Sen. Marco Rubio’s popularity has plummeted among tea party activists who say the Florida Republican, who helped ignite their movement with his 2010 Senate bid, has failed to live up to the hype — and made a major wrong turn by joining Sen. John McCain’s push to legalize illegal immigrants.
Tea partyers say their beef is not that Mr. Rubio is trying to fix the nation’s immigration system, but that the bill he helped write doesn’t repair the nation’s porous borders, even as it offers special pork to some lawmakers and expands the size of the federal government.
The criticism is a major change for a man who was intricately entwined with the tea party. The nascent movement backed Mr. Rubio early on as he chased establishment candidate Charlie Crist from the Republican primary en route to his 2010 general election victory.
“I have heard repeatedly from people in Florida that they are ready to look for primary challengers, and I have heard from people around this entire country that they don’t want him to be the presidential nominee in 2016,” said Jenny Beth Martin, co-founder of the Tea Party Patriots.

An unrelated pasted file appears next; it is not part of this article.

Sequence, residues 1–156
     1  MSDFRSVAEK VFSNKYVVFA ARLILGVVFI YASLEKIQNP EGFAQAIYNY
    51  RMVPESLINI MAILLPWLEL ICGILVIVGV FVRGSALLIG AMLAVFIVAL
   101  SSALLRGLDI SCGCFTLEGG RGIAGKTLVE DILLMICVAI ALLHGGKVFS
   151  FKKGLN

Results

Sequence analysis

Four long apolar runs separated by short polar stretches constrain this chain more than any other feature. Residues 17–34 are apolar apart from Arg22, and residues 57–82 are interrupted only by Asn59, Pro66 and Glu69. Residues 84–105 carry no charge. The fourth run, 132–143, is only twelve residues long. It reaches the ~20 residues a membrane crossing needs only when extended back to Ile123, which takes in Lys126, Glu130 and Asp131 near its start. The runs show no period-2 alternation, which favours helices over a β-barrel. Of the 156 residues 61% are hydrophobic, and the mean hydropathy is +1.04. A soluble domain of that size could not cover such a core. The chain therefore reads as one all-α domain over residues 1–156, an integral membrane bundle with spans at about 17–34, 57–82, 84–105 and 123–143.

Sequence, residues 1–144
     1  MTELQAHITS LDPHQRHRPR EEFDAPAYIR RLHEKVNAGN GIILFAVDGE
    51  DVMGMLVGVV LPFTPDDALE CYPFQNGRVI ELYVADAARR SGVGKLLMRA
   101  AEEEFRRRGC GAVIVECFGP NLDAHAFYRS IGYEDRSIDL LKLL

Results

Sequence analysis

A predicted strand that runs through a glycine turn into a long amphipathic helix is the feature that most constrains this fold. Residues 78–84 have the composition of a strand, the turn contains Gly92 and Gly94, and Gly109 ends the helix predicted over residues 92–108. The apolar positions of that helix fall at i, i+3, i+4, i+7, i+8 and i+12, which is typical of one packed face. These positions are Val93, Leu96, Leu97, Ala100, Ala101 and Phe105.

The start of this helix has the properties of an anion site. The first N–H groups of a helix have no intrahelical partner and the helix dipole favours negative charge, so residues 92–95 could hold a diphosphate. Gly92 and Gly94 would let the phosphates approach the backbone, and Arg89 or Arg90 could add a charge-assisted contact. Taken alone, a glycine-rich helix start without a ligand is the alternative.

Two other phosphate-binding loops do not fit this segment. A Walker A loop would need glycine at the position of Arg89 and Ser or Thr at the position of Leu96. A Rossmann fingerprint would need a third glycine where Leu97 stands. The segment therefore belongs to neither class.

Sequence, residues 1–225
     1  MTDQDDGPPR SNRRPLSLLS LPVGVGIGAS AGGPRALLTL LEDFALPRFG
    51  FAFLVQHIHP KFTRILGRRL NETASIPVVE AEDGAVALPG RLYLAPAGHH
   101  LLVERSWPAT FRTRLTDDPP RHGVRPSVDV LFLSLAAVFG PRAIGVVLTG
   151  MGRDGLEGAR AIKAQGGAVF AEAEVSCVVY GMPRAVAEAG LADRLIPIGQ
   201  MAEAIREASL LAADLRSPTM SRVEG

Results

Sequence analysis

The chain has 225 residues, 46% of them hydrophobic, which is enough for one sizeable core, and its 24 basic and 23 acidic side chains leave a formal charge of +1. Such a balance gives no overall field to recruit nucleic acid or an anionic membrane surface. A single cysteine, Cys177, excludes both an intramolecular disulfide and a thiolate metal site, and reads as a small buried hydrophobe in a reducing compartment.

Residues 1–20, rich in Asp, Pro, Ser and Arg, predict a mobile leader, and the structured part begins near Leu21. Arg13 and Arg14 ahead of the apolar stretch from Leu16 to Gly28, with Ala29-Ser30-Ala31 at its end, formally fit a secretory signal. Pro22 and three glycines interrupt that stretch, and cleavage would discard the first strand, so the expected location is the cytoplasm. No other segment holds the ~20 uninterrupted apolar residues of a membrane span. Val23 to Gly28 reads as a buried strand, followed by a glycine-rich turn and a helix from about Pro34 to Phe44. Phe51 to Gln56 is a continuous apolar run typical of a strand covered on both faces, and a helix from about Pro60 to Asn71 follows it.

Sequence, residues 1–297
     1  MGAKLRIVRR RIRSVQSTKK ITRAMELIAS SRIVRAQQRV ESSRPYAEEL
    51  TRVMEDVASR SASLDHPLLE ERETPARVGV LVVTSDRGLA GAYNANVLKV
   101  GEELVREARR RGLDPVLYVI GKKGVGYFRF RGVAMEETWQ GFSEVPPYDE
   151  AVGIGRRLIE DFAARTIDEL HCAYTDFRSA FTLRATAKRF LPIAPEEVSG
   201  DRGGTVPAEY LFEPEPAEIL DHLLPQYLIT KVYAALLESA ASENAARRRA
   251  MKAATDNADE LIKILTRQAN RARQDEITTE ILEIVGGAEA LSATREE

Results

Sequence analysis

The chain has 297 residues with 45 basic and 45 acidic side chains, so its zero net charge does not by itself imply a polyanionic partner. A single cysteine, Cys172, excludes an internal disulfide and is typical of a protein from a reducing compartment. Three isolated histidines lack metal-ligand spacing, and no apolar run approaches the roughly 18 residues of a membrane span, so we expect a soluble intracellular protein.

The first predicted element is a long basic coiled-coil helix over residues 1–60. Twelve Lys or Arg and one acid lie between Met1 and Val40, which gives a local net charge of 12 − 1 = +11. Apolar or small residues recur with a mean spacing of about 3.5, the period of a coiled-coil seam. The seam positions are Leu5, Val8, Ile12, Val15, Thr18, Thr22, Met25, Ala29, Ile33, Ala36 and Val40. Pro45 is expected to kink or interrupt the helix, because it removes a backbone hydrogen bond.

It’s just one example of how the immigration debate already is playing into the 2016 presidential sweepstakes.
Sen. Rand Paul of Kentucky flirted with supporting a broad immigration bill but ultimately backed off, saying he wasn’t convinced the borders would be secure. He voted against the final bill.
Mr. Rubio’s bill now faces dim prospects in the House, where his standing could be hurt even more if his conservative colleagues reject the legislation.
“The thing that is most baffling for me is that this man is willing to lose millions upon millions of votes he could have had from tea partyers for illegal votes that he will not get because he is not a Democrat,” said Ken Crow, an Iowa activist who formed TeaPartyCommunity.com.
“People are more angry about immigration than they were about Obamacare,” she said. “It is disheartening to work so hard to elect these conservatives and then see their base turn on them.”
Mr. Rubio took a gamble this year when he signed up with three fellow Republicans to be one of the bipartisan gang. Republicans in the Gang of Eight said the GOP must embrace a path to citizenship for illegal immigrants if the party hopes to compete for Hispanics’ votes.
The Gang of Eight’s bill would legalize illegal immigrants but withhold full citizenship for more than a decade, giving the Department of Homeland Security time to spend more money on border security.
The final Senate vote was 68-32, with 14 Republicans voting in favor of the bill and all 32 opposing votes coming from the rest of the chamber’s Republicans.